Richard Gamble

Richard Gamble

About Richard Gamble

Richard Gamble is Associate Professor of History and Anna Margaret Ross Alexander Chair in History and Political Science at Hillsdale College. He is the author of In Search of the City on a Hill: The Making and Unmaking of an American Myth.

To Be Unfit for the Modern World

By |2019-05-09T12:13:05-06:00September 6th, 2018|Categories: Books, Education, Evelyn Waugh, Great Books, History, Western Tradition|

The Great Tradition patiently endures, ready to speak on its own behalf, ready to challenge narrow prejudices, ready to examine those with the courage to be interrogated by it, ready to teach those who are willing to be made unfit for the modern world... The following is an excerpt from Richard Gamble, The Great Tradition: Classic [...]

The United States as World Savior: Costs & Consequences

By |2017-06-04T15:14:20-06:00June 4th, 2017|Categories: American Founding, Democracy, Foreign Affairs, Political Science Reviewer, Timeless Essays, Woodrow Wilson|

U.S. foreign policy needs to be put back into a constitutional framework, even at a time of grave threats to national security and to American lives and property… Today’s offering in our Timeless Essay series affords readers the opportunity to join Richard Gamble as he examines President Woodrow Wilson’s approach to foreign affairs compared with that [...]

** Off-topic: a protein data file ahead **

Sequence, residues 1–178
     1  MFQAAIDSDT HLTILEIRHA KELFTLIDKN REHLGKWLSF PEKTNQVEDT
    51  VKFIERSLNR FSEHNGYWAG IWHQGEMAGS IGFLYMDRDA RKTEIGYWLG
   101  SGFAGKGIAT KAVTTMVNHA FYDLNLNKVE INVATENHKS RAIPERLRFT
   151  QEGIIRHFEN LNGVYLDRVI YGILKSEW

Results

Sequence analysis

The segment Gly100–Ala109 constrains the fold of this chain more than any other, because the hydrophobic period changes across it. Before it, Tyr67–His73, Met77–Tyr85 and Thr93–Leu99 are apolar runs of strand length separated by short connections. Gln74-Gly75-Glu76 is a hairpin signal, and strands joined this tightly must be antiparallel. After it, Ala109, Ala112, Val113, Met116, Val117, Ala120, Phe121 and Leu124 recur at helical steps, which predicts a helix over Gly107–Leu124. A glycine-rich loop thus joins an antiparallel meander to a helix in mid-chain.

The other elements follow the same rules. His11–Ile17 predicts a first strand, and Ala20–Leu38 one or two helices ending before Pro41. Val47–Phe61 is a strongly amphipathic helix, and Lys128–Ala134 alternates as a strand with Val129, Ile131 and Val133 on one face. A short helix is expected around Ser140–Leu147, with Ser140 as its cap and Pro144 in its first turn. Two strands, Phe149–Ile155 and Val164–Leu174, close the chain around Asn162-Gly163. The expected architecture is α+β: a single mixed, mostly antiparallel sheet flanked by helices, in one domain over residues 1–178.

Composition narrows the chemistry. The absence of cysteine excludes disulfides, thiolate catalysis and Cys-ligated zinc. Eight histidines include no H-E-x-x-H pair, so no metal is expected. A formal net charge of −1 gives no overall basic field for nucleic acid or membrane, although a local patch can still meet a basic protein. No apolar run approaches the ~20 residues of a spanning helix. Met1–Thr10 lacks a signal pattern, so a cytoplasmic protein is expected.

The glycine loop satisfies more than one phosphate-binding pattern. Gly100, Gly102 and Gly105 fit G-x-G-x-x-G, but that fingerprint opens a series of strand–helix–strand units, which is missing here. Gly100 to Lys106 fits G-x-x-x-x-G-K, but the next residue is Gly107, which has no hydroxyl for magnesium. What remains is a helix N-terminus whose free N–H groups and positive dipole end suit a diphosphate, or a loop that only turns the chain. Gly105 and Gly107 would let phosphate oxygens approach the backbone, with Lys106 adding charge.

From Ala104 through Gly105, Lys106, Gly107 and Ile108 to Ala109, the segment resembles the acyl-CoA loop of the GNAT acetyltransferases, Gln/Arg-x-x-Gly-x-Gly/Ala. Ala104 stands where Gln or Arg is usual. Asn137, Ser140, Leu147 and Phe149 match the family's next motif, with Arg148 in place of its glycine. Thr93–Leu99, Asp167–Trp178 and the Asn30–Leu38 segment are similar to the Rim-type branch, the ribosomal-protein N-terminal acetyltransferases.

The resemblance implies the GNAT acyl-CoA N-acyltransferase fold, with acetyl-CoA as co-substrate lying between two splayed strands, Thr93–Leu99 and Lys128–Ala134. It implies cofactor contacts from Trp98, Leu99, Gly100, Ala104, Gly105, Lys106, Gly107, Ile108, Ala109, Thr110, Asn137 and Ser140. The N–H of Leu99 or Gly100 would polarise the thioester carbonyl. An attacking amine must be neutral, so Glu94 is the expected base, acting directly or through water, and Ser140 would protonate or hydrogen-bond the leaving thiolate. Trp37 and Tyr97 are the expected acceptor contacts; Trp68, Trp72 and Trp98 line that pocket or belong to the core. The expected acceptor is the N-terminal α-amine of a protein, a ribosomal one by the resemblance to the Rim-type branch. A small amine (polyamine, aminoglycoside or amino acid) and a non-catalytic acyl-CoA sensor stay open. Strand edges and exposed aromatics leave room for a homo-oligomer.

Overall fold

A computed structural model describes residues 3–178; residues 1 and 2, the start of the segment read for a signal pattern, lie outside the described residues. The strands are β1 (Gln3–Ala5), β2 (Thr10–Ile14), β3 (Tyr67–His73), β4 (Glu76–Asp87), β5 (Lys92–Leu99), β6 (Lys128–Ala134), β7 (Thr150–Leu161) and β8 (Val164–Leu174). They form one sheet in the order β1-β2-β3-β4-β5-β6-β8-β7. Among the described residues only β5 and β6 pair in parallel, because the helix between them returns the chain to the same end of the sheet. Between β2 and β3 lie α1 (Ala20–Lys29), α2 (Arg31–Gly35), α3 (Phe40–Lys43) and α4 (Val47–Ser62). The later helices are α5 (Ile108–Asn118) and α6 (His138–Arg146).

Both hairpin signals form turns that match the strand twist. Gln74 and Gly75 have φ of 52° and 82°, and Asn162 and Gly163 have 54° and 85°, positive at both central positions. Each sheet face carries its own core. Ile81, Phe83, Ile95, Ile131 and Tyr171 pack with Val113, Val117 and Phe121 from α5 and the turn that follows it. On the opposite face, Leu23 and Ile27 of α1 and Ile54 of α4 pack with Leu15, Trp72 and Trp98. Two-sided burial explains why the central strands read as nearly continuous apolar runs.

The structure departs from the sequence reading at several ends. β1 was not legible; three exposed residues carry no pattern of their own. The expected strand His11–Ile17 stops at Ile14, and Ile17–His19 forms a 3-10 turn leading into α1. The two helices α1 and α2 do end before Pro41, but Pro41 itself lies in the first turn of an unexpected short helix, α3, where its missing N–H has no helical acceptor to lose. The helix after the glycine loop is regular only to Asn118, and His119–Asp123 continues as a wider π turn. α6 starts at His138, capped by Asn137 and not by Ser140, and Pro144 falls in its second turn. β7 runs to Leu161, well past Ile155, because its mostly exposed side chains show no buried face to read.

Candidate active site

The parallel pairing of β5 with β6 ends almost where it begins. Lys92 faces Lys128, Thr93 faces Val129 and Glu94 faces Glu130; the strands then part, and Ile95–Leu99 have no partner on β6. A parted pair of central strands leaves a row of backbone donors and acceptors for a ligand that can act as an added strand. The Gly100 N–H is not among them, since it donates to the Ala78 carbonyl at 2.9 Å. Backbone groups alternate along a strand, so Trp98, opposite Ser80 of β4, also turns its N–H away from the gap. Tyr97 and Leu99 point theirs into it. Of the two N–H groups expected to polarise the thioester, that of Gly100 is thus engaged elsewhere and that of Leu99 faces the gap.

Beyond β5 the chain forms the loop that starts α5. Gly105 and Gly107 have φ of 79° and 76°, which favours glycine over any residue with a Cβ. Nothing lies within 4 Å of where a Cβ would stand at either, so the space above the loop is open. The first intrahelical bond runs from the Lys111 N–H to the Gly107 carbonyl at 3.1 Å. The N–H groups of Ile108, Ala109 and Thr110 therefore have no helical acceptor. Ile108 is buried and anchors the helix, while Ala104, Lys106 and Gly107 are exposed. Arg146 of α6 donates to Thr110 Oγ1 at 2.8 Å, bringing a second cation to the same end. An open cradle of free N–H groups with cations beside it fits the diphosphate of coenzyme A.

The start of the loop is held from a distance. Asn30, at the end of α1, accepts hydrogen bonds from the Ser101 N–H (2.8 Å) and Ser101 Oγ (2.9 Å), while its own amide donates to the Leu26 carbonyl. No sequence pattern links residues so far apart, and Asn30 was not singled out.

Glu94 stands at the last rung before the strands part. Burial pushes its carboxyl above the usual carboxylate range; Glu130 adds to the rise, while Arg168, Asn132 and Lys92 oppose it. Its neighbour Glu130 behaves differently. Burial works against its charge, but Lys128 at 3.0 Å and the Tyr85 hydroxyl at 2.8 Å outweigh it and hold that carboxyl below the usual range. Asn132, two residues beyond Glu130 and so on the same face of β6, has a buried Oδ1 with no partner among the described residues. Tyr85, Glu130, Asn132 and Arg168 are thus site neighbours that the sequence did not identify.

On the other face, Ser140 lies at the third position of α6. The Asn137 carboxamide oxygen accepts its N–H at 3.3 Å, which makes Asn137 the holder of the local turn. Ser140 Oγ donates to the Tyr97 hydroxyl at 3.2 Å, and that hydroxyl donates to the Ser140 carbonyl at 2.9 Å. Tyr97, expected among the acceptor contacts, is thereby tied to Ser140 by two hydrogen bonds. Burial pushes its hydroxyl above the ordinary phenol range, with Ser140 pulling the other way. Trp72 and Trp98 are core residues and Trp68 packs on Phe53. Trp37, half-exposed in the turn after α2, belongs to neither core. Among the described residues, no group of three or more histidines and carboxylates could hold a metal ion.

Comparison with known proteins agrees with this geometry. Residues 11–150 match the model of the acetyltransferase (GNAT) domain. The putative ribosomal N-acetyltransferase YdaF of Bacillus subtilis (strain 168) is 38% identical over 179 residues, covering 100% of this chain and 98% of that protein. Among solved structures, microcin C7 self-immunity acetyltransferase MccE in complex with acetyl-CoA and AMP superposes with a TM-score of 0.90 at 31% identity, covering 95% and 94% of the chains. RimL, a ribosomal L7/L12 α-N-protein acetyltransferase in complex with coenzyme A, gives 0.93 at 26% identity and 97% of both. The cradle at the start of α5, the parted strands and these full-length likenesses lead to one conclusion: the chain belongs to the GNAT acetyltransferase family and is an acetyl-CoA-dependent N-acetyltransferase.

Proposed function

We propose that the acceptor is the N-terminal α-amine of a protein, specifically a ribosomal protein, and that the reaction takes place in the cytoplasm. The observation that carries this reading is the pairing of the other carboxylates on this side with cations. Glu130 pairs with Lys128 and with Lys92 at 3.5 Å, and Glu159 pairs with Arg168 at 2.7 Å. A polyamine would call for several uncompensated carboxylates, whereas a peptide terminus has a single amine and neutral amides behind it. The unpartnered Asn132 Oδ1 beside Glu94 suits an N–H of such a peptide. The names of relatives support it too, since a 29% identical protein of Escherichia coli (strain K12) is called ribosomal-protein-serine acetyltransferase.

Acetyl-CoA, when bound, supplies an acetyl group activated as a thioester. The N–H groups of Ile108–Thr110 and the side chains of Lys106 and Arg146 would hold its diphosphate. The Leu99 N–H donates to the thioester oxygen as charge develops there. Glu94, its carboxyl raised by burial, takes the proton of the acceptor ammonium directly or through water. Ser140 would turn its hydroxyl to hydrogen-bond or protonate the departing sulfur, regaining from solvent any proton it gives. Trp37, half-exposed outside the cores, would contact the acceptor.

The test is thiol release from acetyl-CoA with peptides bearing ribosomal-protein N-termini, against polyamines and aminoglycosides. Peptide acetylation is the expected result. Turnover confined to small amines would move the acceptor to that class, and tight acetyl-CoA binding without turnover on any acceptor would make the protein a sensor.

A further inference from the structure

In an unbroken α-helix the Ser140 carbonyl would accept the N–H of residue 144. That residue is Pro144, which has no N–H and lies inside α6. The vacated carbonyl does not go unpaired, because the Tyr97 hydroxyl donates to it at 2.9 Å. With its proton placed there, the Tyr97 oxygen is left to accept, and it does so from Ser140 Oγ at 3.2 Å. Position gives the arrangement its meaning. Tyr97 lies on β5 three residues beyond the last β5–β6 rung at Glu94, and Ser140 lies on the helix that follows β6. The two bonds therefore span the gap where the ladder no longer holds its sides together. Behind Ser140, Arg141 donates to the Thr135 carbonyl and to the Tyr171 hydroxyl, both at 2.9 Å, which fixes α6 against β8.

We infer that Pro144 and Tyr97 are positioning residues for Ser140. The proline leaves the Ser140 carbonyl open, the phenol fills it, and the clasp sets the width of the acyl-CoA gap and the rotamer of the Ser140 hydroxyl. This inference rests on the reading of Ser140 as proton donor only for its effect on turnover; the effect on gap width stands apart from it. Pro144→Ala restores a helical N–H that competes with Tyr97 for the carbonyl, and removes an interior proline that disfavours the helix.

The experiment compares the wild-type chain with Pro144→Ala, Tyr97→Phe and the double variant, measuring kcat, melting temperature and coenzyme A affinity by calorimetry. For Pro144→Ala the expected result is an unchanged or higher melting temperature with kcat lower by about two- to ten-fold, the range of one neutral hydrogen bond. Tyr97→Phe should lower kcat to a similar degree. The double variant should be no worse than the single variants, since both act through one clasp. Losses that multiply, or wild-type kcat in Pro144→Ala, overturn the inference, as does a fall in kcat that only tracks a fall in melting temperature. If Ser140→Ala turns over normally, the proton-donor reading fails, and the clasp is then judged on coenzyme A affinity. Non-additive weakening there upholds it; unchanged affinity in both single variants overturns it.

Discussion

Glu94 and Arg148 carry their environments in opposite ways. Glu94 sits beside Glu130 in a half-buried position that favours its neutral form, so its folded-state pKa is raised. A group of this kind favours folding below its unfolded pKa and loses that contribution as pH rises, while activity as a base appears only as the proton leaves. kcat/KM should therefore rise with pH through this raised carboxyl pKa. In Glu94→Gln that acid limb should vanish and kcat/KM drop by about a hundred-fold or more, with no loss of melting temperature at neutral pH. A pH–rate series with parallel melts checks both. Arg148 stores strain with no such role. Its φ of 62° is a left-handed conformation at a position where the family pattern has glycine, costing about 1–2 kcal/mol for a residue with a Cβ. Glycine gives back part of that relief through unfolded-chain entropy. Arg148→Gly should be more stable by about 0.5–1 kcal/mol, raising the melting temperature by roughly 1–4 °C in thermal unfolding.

The Dangers of Diseased Patriotism

By |2017-07-08T07:42:58-06:00May 3rd, 2017|Categories: Books, Featured, Patriotism|Tags: , |

There is something more dangerous than secularism, and that is a nation-state masquerading as God incarnate… Americanism: The Fourth Great Western Religion, by David Gelernter (Doubleday, 2007) Midway through a century battered by ideological warfare, C.S. Lewis thought it unnecessary to remind anyone that “love of one’s country… becomes a demon when it becomes [...]

The Gospel of Lincoln

By |2016-07-04T01:02:52-06:00July 1st, 2015|Categories: Abraham Lincoln, Constitution, Declaration of Independence, Featured|Tags: |

Lincoln’s Gettysburg Address has achieved a status as American Scripture equaled only by the Declaration of Independence, the Constitution, and Washington’s Farewell Address. In merely 271 words, the wartime president fused his epoch’s most powerful and disruptive tendencies—nationalism, democratism, and German idealism—into a civil religion indebted to the language of Christianity, but devoid of [...]

The Backside of the Universe: “Throes of Democracy” by Walter McDougall

By |2016-08-06T17:33:53-06:00March 19th, 2014|Categories: Books, History|Tags: , , , |

Nathaniel Hawthorne’s 1852 novel, The Blithedale Romance, has been overshadowed for many years by The Scarlett Letter and The House of the Seven Gables. Perhaps its unsparing analysis of the psychology of utopian reformers still strikes a little too close to home for it to make its way onto reading lists at most schools [...]

Reconsidering American Exceptionalism